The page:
COVID-19: Millions more in England enter Tier 3 restrictions as some hospitals cancel treatments

·3-min read

More areas of England have moved into Tier 3 meaning nearly 70% of the population are living under the toughest coronavirus restrictions.

Health Secretary Matt Hancock said earlier this week that parts of the East and the South East of England would be moved up to the most severe measures.

Mr Hancock told the Commons that the following areas would be moved up to Tier 3 on Saturday morning at one minute past midnight:

  • Bedford

  • Central Bedfordshire

  • Luton

  • Milton Keynes

  • Buckinghamshire

  • Reading

  • Wokingham

  • Bracknell Forest

  • Windsor and Maidenhead

  • West Berkshire

  • Peterborough

  • The rest of Hertfordshire not already in Tier 3 (Dacorum, East Hertfordshire, North Hertfordshire, St Albans, Stevenage and Welwyn Hatfield)

  • Surrey (except Waverley)

  • Hastings and Rother

  • Portsmouth

  • Havant

  • Gosport

The move means a total of 38 million people are now living under Tier 3 restrictions - 68% of England's population.

In Tier 3 areas, pubs and restaurants have to close except for takeaway, while indoor entertainment and tourist venues are also shut.

Bristol and North Somerset have dropped from Tier 3 to Tier 2.

Herefordshire has been moved down from Tier 2 to Tier 1.

Some 30% of the population are now in Tier 2, with just 2% in Tier 1.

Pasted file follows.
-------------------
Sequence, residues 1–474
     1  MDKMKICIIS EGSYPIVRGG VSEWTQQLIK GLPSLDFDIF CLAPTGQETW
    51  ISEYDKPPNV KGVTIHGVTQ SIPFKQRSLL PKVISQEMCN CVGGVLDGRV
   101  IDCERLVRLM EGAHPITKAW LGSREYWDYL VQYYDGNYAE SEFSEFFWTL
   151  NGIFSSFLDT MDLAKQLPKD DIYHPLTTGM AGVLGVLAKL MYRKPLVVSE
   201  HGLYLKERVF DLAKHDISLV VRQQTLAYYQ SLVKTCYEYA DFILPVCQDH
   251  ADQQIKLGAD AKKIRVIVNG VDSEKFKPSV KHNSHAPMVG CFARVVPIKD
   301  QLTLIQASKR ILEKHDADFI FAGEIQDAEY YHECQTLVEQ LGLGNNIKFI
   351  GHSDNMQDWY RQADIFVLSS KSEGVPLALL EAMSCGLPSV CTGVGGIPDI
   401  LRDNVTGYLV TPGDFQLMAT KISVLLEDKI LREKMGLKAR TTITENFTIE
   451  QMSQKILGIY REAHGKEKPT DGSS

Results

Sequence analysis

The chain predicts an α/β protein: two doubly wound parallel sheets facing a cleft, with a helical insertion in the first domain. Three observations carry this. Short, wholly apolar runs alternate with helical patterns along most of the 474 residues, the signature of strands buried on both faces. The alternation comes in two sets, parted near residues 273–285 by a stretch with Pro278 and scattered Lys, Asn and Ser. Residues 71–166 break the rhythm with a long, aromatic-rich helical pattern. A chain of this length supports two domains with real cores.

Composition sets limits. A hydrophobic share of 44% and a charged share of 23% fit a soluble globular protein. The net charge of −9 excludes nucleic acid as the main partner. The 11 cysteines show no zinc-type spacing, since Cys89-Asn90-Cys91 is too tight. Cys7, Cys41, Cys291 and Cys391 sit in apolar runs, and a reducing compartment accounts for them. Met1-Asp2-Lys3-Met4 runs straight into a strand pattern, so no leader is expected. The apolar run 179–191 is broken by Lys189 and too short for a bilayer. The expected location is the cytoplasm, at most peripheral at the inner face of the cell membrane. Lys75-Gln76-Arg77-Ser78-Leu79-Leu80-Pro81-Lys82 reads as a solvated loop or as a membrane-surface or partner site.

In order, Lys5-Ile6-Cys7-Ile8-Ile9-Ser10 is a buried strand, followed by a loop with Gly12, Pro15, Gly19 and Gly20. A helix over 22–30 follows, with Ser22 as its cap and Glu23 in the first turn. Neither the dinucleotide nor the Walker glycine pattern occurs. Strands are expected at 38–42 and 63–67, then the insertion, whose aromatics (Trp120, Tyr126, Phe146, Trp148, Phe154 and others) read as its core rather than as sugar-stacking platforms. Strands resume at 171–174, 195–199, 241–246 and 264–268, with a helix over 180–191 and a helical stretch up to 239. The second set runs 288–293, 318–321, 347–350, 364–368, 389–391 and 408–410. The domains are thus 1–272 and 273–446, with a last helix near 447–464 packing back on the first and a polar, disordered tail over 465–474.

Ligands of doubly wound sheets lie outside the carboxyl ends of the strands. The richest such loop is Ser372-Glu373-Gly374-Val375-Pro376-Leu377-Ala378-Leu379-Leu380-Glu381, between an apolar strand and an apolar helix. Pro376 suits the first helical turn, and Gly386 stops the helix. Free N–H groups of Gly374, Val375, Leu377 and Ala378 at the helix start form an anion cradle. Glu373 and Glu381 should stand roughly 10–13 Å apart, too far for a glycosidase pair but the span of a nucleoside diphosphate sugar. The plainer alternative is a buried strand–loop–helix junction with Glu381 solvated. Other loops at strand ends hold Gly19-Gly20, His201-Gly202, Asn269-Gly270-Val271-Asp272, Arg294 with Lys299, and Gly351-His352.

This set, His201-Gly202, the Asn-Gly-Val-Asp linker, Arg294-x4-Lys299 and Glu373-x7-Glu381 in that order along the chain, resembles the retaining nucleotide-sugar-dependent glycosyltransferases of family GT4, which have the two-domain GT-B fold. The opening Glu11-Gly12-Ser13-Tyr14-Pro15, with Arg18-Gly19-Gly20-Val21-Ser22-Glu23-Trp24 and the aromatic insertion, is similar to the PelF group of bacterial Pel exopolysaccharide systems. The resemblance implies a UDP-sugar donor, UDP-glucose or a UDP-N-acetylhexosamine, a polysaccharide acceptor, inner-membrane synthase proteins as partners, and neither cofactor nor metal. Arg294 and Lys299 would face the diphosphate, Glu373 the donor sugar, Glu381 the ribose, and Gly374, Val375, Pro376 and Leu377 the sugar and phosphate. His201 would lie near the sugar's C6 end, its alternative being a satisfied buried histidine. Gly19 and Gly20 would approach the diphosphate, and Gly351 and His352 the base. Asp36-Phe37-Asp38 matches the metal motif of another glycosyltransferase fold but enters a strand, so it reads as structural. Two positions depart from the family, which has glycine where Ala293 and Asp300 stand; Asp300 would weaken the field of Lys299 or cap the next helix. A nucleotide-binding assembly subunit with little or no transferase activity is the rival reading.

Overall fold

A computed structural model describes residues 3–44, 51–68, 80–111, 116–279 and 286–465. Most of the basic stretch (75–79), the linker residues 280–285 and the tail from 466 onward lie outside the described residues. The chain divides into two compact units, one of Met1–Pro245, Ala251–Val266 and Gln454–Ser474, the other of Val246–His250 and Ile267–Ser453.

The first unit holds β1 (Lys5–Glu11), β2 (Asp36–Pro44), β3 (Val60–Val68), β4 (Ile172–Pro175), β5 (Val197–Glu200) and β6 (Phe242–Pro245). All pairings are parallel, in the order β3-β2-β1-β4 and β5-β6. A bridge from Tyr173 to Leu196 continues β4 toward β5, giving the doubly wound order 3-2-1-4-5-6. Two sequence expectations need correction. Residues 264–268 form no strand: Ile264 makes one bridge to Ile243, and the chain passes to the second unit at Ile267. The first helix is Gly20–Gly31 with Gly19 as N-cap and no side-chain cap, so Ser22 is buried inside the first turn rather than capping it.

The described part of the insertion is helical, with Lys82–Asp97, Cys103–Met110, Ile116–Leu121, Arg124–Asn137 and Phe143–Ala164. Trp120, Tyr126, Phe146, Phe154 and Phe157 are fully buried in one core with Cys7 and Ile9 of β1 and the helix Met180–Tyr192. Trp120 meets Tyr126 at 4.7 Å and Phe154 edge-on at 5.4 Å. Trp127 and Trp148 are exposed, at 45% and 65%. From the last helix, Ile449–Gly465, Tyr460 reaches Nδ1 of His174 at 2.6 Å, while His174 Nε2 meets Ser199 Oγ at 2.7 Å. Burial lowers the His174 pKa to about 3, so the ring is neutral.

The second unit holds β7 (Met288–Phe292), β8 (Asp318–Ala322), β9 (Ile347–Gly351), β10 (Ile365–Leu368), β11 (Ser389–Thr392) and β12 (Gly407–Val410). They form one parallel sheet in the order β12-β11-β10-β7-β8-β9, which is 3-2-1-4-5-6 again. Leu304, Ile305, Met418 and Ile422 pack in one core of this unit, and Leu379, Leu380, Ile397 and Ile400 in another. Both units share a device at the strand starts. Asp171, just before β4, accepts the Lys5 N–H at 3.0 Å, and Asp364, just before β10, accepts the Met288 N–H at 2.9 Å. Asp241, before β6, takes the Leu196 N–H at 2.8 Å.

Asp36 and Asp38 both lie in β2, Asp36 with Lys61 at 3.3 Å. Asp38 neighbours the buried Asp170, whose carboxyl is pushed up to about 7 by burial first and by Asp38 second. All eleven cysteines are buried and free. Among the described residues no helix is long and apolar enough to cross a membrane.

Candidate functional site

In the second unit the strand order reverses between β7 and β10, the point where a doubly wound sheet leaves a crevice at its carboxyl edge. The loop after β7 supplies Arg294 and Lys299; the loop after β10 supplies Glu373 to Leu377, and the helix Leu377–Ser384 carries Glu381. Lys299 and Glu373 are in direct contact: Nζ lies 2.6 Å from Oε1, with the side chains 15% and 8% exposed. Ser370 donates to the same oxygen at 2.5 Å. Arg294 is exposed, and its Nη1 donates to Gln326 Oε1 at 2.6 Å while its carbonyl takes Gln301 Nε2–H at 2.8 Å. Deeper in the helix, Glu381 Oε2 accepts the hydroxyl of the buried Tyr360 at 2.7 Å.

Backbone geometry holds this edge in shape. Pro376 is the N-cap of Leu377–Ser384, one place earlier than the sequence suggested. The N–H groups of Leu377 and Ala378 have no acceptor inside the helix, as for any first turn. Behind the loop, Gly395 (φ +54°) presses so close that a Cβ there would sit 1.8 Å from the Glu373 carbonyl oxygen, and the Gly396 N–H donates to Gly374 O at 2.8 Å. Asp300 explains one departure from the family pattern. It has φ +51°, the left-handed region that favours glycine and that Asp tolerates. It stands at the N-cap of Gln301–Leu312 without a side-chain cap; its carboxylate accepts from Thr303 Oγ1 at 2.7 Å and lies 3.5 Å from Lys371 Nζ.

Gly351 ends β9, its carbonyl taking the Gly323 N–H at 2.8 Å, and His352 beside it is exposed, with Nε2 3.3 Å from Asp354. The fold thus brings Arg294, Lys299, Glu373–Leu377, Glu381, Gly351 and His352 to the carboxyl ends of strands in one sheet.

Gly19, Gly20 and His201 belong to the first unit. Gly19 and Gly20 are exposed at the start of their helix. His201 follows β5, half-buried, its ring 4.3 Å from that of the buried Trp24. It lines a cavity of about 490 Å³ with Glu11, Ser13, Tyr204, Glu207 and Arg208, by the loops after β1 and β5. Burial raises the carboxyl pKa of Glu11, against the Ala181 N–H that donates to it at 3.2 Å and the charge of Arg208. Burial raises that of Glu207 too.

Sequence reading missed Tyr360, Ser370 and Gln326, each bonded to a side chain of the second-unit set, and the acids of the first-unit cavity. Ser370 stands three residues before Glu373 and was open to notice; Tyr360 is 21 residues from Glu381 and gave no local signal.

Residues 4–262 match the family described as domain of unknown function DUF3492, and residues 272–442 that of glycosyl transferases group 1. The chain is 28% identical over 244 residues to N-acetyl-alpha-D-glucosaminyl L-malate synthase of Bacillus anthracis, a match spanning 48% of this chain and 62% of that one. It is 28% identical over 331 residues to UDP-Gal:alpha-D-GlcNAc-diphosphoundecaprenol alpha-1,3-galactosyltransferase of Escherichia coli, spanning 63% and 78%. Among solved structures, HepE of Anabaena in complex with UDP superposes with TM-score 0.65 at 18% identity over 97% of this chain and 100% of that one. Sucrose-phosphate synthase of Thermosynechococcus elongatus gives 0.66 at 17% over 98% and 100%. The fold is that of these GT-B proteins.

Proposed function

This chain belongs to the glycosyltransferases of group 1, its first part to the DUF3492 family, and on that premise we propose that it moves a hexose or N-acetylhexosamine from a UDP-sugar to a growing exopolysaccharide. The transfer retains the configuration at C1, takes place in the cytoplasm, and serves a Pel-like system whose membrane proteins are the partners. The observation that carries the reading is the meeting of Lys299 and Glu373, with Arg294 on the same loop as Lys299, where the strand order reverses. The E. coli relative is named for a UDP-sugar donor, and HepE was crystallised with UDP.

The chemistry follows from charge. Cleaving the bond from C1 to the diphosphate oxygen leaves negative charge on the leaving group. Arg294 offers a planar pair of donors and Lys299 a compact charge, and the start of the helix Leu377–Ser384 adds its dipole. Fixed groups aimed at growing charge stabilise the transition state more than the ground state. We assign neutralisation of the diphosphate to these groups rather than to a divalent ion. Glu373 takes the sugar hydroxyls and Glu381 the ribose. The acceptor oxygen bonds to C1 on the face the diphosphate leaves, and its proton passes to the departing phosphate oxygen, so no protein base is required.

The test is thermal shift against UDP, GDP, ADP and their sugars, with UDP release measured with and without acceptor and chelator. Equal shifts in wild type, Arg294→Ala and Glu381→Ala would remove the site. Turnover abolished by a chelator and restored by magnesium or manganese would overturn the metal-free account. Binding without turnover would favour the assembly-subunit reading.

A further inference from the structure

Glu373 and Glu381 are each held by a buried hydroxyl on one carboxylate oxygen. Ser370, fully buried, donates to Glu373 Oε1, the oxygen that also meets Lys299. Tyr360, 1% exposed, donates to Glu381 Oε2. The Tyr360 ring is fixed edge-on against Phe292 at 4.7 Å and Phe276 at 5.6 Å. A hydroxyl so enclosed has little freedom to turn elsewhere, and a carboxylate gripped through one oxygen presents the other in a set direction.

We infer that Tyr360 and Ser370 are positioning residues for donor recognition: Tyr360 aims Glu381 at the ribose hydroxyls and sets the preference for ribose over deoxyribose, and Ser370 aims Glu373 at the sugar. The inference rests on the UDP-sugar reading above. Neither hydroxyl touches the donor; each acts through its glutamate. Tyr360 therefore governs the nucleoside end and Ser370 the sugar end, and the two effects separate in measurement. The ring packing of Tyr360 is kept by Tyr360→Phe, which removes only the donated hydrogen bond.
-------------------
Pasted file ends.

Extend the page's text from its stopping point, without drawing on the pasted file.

More areas have been moved into Tier 3 as the R number in the UK is estimated to have gone up to between 1.1 and 1.2, according to the SAGE group of government advisers.

The growth rate of COVID-19 is therefore estimated to be between 1% and 4%.

It comes as hospitals across south-eastern England are postponing non-urgent procedures because some are facing double the number of coronavirus patients they had in the spring.

The NHS in Kent confirmed on Friday evening that it would be putting a stop to some planned treatments across the region "due to the increase in COVID patients being treated".

Maidstone and Tunbridge Wells NHS Trust had 221 COVID-19 patients on 16 December, more than 120 more than the 98 they had in the first peak on 8 April.

East Kent Hospitals University NHS Foundation Trust was treating 357 people with coronavirus on Wednesday, almost twice the maximum number they had at any point in spring, when figures topped out at 187 on 20 April.

Barts Health NHS Trust, which serves around 2.5 million people in east London, said on Thursday it has moved to the "high pressure" phase of its winter escalation plan.

A Barts Health spokesman said: "We are treating high numbers of patients with COVID-19, and in line with our winter escalation plan we have moved into a 'high pressure' phase and are taking steps to keep our patients safe.

"These include deferring some routine procedures over the coming days so we can redeploy staff and increase the number of critical care and general beds available."

The trust, which operates across four major hospital sites The Royal London, St Bartholomew's, Whipps Cross and Newham, said the plan will not affect cancer patients and that people will be contacted directly if their elective procedures need to be postponed.